I kept a diary in third and fourth grade to chronicle the inner-workings of my 8-year-old mind. It was a little green diary, with a gold lock and key to keep my brothers from snooping. I was quite faithful, and although now and then I would go for months without writing, I would always return and apologize to Diary as if she were a person. I wrote, in simple sentences, about books I read, crushes I had, and whether or not I’d taken my bath yet. When my mom found Diary and sent it to me about a year ago, it was like getting a birthday present in the mail. My husband and I both read it until we cried, although I didn’t allow him to read it while I was present (third grade can be quite embarrassing).
I used to love journaling. It can be very cathartic and a good frame of reference to look back on. But unlike many in the fitness community, I’m not nor have I ever been a diet journaler. I remember the first time I tried to count my calories. I was probably in high school, and I got bored with it after breakfast.
So when I received the Diet & Fitness Journal in the mail, I thought it would be a great experiment for me. A non-food-journaler, journaling. The excitement!
Many, many people—Jenn included—swear by journaling their daily meals, snacks, nibbles and activities. Whether on paper or online (Jenn uses PEERtrainer for accountability), those who journal are said to lose more weight than dieters who don’t write down their meals. The rationale being that if you have to write all of your food down, you’re more likely to consciously think about what you’re eating and therefore eat better and control your portions.
I was excited to get my journal in the mail. It’s a slim, black book, and the band with the logo on the cover can be removed so that you’re not announcing to everyone that you’re carrying your DIET & FITNESS JOURNAL! (The spine of the book does indeed say “diet & fitness journal,” but I guess it’s more discreet there.)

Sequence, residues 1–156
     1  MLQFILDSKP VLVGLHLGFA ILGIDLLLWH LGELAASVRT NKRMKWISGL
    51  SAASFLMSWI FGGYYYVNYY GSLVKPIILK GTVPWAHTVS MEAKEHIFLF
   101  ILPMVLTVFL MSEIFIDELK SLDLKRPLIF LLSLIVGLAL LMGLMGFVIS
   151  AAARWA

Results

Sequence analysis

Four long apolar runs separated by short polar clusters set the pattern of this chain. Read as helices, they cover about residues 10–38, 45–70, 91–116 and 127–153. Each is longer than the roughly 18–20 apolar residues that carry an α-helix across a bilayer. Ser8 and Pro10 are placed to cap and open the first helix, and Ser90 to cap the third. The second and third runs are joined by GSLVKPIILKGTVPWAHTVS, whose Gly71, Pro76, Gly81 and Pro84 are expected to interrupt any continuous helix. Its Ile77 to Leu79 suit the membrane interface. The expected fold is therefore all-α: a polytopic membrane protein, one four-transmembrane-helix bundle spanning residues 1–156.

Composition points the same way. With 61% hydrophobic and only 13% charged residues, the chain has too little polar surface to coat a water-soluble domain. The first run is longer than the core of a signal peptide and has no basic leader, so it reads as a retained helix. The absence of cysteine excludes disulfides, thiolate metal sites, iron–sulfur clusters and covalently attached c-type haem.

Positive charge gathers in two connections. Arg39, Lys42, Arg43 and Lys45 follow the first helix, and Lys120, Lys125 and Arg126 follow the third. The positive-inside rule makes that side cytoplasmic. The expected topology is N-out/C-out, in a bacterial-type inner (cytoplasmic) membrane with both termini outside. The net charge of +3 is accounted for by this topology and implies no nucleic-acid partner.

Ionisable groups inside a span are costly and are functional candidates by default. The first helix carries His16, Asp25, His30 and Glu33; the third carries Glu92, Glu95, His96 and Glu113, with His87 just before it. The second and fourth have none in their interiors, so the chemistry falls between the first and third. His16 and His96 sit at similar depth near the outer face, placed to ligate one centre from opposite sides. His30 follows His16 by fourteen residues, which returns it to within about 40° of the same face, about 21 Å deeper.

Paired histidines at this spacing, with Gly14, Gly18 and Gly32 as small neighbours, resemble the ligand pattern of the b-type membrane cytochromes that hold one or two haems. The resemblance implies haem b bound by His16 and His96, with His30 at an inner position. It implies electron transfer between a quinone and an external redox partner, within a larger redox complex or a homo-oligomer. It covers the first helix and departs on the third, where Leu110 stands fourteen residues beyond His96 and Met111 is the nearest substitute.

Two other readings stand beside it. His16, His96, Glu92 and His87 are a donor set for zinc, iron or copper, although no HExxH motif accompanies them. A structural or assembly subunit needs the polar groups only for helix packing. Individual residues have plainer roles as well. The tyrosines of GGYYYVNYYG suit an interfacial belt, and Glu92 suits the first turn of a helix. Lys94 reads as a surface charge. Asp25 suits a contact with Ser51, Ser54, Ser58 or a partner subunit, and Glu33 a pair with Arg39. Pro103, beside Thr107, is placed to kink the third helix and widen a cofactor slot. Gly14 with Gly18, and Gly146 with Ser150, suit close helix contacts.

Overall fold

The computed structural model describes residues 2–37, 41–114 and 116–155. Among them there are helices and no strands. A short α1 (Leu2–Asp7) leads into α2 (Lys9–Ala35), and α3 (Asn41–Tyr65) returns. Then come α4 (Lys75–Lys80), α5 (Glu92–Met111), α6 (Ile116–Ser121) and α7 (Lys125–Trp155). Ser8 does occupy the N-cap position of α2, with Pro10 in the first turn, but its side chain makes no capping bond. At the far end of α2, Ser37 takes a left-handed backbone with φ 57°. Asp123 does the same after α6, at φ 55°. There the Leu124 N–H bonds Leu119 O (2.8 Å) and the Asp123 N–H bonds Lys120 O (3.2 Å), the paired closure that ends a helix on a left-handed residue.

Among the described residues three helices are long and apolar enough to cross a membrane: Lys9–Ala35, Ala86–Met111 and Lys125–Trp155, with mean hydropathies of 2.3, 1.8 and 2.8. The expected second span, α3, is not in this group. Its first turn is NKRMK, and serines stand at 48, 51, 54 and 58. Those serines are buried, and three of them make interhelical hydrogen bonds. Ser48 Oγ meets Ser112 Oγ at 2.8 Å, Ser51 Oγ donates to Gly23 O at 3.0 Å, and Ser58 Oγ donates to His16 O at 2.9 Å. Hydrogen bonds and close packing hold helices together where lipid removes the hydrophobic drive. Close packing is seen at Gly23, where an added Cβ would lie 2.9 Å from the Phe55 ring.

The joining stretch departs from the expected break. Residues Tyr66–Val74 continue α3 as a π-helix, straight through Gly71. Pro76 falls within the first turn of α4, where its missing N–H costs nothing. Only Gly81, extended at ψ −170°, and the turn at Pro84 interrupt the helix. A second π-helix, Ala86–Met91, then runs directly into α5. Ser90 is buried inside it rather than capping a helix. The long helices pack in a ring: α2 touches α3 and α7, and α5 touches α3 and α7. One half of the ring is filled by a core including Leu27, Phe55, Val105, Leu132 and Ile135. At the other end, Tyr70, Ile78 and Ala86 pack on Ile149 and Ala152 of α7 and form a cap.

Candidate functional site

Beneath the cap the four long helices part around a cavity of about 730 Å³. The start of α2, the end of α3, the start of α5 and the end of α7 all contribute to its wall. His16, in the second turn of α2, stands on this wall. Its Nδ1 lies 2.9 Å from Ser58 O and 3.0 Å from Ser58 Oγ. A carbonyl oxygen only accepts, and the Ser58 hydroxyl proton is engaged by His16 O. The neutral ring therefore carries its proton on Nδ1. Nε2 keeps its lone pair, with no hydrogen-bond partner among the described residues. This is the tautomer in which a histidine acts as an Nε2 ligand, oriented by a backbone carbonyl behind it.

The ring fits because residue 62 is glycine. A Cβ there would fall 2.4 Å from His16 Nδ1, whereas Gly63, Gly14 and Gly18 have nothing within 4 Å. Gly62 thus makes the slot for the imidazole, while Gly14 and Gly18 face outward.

I opened up the book’s crisp, fresh pages and set about filling the lines with my diet and fitness adventures. That was one thing I loved—not only does it have your food log on the left-hand page, but also a fitness log on each right-hand page so it’s about all aspects of wellness. There’s a spot for calories, fat, sodium, carbs, fiber and protein, but you can choose to be as specific in your food log or as vague as you want. There are even cute little boxes you can check for your fruit and vegetable servings and your glasses of water! Very easy to use and very informative, the first 36 pages are chock full of fitness and nutrition basics that are great for anyone just starting out on their wellness journeys. There’s even a handy reference in the back with common foods and their calorie counts.
But for all of the positives and awesomeness of the journal, I just couldn’t do it. I tried. For some people, writing food down will make them think about ingesting that cupcake. For me, writing my food down doesn’t change anything. I won’t avoid a cupcake because I write it down; I enjoy my cupcake and eat healthier at my next meal. When I wrote “Bad Journaler” in the notes section after taking a week off, I took it as a sign that it wasn’t working for me.
So while I fully support and recommend food and fitness journaling for some people and this particular one is an awesome choice, I have no shame in admitting that it’s just not for me. I’ve changed a lot since high school, but that’s one thing that hasn’t changed. —Erin